Mad in America – 

June 23, 2020 – During group therapy, we often filled out questionnaires, but there was rarely any discussion of our responses. Often, the questions focused on how to avoid the pitfalls that could lead to a relapse into addiction, which served little purpose for patients suffering from depression or suicide attempts. Art therapy was also offered. Again, there was never any discussion of what we were doing, why we were doing it, or what our artwork might reveal about us. The “therapy” usually involved coloring on worksheets. “Music therapy” consisted of listening to CDs while sitting around a table.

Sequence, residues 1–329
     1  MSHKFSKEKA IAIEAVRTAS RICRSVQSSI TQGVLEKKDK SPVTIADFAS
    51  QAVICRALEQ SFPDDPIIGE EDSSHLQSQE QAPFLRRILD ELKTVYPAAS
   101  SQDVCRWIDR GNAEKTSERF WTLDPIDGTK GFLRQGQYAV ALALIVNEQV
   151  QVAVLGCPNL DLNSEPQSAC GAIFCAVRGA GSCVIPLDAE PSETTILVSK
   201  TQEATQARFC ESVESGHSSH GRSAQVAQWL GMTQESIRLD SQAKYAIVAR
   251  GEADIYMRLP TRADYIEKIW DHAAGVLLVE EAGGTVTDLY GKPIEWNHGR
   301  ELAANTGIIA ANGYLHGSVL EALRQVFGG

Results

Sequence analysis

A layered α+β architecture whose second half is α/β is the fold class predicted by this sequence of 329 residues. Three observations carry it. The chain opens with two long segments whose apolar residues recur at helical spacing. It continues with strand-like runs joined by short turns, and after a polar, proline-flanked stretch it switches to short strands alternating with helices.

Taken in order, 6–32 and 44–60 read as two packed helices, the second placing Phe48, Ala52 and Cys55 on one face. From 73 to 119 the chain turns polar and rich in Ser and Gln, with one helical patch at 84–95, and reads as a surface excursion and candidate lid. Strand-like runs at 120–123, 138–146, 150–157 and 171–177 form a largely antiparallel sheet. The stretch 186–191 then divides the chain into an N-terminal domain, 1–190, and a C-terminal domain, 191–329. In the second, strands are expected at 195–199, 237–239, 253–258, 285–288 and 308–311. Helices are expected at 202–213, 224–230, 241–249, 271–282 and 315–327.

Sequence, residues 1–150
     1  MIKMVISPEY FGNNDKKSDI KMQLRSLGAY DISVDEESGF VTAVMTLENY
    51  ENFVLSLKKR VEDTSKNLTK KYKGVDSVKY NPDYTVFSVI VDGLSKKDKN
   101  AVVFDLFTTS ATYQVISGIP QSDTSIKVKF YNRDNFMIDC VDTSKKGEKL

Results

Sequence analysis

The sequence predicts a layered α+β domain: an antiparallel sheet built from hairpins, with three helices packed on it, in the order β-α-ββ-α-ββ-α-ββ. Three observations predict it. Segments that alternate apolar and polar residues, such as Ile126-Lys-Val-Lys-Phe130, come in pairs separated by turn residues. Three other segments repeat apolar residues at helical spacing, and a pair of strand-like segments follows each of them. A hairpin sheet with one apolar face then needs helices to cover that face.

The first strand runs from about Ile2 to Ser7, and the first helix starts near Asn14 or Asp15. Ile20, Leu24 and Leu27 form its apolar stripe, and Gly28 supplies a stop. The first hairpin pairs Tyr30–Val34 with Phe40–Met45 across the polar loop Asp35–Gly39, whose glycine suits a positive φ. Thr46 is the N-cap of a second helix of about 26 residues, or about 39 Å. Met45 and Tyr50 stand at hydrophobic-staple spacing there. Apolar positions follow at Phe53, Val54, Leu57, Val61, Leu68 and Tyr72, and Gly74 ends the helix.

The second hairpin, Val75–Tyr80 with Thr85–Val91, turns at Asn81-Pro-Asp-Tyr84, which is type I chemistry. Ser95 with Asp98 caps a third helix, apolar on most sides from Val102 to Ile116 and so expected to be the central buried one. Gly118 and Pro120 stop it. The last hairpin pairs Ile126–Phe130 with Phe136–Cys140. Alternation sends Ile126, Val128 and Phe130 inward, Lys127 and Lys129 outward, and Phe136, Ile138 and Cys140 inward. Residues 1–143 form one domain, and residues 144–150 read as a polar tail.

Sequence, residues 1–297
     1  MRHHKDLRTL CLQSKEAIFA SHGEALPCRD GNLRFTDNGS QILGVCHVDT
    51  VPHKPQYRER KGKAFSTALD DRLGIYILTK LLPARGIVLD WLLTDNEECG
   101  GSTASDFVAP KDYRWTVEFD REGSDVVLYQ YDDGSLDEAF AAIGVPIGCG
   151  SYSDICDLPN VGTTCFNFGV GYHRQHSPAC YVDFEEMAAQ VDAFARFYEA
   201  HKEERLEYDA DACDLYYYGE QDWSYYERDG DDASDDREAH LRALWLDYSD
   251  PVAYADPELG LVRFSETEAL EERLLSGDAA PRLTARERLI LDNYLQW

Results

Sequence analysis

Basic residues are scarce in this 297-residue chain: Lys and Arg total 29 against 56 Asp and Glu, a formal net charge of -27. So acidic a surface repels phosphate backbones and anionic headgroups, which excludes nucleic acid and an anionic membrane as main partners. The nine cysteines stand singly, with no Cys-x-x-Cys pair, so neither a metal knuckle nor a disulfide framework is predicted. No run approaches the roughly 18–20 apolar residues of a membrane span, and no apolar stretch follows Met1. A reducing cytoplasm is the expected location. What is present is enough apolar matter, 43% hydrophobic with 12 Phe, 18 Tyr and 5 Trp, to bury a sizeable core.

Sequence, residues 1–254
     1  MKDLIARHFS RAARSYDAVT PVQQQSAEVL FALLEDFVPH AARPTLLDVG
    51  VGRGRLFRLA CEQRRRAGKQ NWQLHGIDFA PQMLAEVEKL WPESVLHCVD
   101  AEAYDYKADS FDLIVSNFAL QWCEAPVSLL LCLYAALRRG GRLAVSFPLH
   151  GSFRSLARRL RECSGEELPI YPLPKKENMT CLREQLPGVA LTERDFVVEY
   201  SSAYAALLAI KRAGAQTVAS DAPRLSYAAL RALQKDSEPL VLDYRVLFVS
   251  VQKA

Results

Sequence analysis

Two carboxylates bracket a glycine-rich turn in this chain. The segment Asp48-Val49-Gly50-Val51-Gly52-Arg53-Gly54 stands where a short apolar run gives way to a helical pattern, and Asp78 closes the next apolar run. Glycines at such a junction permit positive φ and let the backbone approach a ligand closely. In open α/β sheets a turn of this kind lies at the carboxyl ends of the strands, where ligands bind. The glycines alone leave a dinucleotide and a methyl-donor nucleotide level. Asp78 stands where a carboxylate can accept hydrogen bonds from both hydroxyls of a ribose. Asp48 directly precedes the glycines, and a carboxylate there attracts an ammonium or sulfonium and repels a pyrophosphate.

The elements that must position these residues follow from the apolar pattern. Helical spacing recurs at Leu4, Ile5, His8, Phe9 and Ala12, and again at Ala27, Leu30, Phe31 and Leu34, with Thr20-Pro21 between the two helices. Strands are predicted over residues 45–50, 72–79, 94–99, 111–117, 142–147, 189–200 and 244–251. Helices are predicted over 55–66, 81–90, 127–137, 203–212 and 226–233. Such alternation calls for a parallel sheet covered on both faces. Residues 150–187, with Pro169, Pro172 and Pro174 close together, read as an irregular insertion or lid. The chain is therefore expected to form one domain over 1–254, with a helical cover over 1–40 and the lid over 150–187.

One-on-one therapy would have been far more effective, as it could have been tailored to individual needs. Given the patients’ wide array of problems, it doesn’t seem possible that there could be a one-size-fits-all therapeutic approach. When I discussed this with the social worker in charge of recreational therapy, she told me she agreed but pointed out that there was no budget for more individualized programs. She added that the limited budget didn’t allow for patients with different conditions and different needs to be separated into different facilities or wards. At least I had an answer; most of my questions about hospital conditions or treatments had been met with some variation of “If you question or resist, your stay in the hospital will be longer.”



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